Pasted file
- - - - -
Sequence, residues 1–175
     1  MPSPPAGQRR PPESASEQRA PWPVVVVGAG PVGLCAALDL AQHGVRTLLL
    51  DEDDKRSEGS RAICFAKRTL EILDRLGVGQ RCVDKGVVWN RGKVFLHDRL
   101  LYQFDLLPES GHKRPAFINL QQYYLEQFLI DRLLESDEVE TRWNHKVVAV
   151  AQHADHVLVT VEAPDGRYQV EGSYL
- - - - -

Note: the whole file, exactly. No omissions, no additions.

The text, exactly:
Sequence, residues 1–175
     1  MPSPPAGQRR PPESASEQRA PWPVVVVGAG PVGLCAALDL AQHGVRTLLL
    51  DEDDKRSEGS RAICFAKRTL EILDRLGVGQ RCVDKGVVWN RGKVFLHDRL
   101  LYQFDLLPES GHKRPAFINL QQYYLEQFLI DRLLESDEVE TRWNHKVVAV
   151  AQHADHVLVT VEAPDGRYQV EGSYL